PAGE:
- consumer-side voluntary filtering as an alternative to demanding censorship
- elastic approach to copyright
- technological solution to social problem that's also a neat hack ("customized DVD player with software running concurrently with the DVD playback to perform edits")
It does raise the question of how OK it is for people to construct a bubble from which they remove entire classes of people (I'm betting that queerness is very heavily edited, even in its least explicit forms).
They remove themselves, voluntarily. I have a problem with censorship by Twitter or Facebook because of their near-monopoly status on social media, but I have no problem if some small company serves their small target audience with censorhip that they choose themselves.
As a disclaimer, I'm a Christian, with a catholic upbringing. I like religions, I think it's an important part of human life, it's just that they can be very dangerous as well.
Umm, one of the core principles of religion is providing a framework for mortality. I'd say it's exactly within the scope of religion.
The practical implication of giving religious leaders "too much power" is a cost of religious freedom.
For a more international version of this, see Eurovision and the refusal of various Arab countries to broadcast the Israeli entries at all - which led to said Arab countries being excluded from it for refusal to comply with the rules.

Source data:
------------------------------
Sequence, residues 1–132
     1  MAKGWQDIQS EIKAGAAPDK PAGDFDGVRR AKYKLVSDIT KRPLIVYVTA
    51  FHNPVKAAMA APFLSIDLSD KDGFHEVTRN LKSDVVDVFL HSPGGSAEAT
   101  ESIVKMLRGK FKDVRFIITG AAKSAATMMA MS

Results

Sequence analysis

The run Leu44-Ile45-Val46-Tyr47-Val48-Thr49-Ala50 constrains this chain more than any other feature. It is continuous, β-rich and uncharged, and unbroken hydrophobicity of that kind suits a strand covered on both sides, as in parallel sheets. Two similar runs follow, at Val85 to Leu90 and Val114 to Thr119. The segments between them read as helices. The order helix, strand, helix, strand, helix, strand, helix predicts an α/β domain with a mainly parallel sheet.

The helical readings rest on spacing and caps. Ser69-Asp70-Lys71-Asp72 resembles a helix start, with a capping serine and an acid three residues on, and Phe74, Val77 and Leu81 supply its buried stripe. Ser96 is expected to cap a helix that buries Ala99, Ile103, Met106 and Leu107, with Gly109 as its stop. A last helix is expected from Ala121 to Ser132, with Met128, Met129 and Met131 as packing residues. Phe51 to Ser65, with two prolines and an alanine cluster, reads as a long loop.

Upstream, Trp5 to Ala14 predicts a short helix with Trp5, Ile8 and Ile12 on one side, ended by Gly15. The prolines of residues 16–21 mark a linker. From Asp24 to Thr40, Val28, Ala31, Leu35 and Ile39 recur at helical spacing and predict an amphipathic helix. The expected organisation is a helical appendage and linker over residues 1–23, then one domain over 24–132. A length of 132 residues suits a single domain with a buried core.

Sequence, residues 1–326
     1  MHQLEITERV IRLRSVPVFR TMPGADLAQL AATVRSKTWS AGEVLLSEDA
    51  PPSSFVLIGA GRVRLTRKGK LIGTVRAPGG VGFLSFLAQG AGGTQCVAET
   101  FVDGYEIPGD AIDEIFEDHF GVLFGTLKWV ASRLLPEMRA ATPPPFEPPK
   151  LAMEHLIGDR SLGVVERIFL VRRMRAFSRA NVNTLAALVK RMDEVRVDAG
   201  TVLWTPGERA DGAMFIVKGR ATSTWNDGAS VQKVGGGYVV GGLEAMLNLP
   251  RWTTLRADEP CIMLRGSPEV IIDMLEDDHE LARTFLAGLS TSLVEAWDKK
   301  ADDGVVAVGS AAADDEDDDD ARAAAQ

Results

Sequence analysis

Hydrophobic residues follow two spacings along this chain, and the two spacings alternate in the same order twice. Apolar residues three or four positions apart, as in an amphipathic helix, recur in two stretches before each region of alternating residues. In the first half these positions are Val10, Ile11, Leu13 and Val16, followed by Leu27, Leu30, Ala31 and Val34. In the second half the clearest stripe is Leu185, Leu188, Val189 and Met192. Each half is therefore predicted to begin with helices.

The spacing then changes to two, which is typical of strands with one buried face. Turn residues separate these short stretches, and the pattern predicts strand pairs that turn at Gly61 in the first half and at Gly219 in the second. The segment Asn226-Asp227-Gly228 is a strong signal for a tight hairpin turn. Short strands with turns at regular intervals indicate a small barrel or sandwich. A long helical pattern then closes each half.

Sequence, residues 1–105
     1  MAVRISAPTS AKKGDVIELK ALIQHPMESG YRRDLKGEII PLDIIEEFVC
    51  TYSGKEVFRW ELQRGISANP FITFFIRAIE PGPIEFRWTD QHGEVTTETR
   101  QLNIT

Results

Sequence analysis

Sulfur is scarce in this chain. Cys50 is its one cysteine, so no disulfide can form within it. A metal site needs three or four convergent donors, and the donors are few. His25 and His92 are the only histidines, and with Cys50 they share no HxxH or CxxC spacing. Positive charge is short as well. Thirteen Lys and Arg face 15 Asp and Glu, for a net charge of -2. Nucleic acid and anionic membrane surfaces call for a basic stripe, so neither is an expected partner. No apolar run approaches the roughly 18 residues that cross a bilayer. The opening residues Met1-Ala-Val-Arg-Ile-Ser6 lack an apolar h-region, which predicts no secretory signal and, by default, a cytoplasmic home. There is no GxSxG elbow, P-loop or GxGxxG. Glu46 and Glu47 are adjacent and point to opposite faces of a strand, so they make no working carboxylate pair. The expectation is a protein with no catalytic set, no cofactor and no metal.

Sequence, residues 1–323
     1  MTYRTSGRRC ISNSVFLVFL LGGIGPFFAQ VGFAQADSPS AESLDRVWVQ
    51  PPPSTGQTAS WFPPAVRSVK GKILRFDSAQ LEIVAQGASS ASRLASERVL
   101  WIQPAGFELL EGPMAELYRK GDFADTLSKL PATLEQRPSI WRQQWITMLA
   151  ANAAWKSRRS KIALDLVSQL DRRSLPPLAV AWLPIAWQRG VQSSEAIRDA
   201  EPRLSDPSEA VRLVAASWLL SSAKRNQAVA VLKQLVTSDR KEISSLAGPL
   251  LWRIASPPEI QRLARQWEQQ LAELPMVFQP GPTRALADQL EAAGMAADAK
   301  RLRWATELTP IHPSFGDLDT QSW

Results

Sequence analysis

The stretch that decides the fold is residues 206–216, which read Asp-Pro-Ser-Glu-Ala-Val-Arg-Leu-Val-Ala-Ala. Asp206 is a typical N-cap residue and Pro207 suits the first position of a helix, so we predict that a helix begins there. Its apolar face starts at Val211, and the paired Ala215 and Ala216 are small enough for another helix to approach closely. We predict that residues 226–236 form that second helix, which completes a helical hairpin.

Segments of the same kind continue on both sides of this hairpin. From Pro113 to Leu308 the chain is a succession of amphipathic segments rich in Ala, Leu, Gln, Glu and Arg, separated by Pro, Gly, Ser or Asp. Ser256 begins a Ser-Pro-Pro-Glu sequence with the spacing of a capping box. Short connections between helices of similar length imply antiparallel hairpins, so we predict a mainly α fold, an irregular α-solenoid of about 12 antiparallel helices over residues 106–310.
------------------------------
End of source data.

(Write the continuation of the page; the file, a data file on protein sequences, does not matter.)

Are you suggesting that we should force people to watch things they don't agree with?
That isn't exactly what you said, but seems to suggest it.
I agree that taking the movie, editing it, copying it, and selling it-- is and should be illegal. But other solutions like client side indices of what to skip or mute don't harm the producer and are not editing of the copyrighted material itself.
I don't see why it should be illegal at all. Assuming:
1) The original owner gets paid for each copy sold
2) End customers are clearly informed that the edited version has been edited.
That is explicitly what I'm avoiding saying, because obviously that's an illiberal and unworkable idea. In fact, I'm not trying to mandate anything at all. Not every observation is a criticism, not every criticism is a threat.
It's more complicated than that.
The right not to listen to things you don't like applies equally to someone who doesn't listen to rap music because too much of it demeans women; and someone who doesn't listen to rap music because too much of it is by black people.
But if those two people announce those tastes in public, they should expect different responses for obvious reasons!
Obviously there's a process in place for when movies are edited for TV. More times than not, nowadays it's not even for censorship, but to cut down time so they can add more commercials. That's more of editing a work specifically for direct financial gain than what we're taking about here.
Obviously there's a process in place for when movies are edited for TV.
Yes that “process” is that the copyright holder edits the content. Not some random third party.
2) The "principles" aren't my interpretation, they are derived from common-law and codified under "Fair Use" (17USC107). Additionally (108-112) adds specific cases which are automatically deemed Fair Use. More Fair Use cases may be determined by some administrative actions, including determinations by the US Library of Congress.
I'm merely arguing CleanFlicks falls under the principles general Fair Use (107) if not already covered by one of the specified use exemptions (108-112 et al).
>There has never been a precedent saying that you could modify a work as you see fit and redistribute it.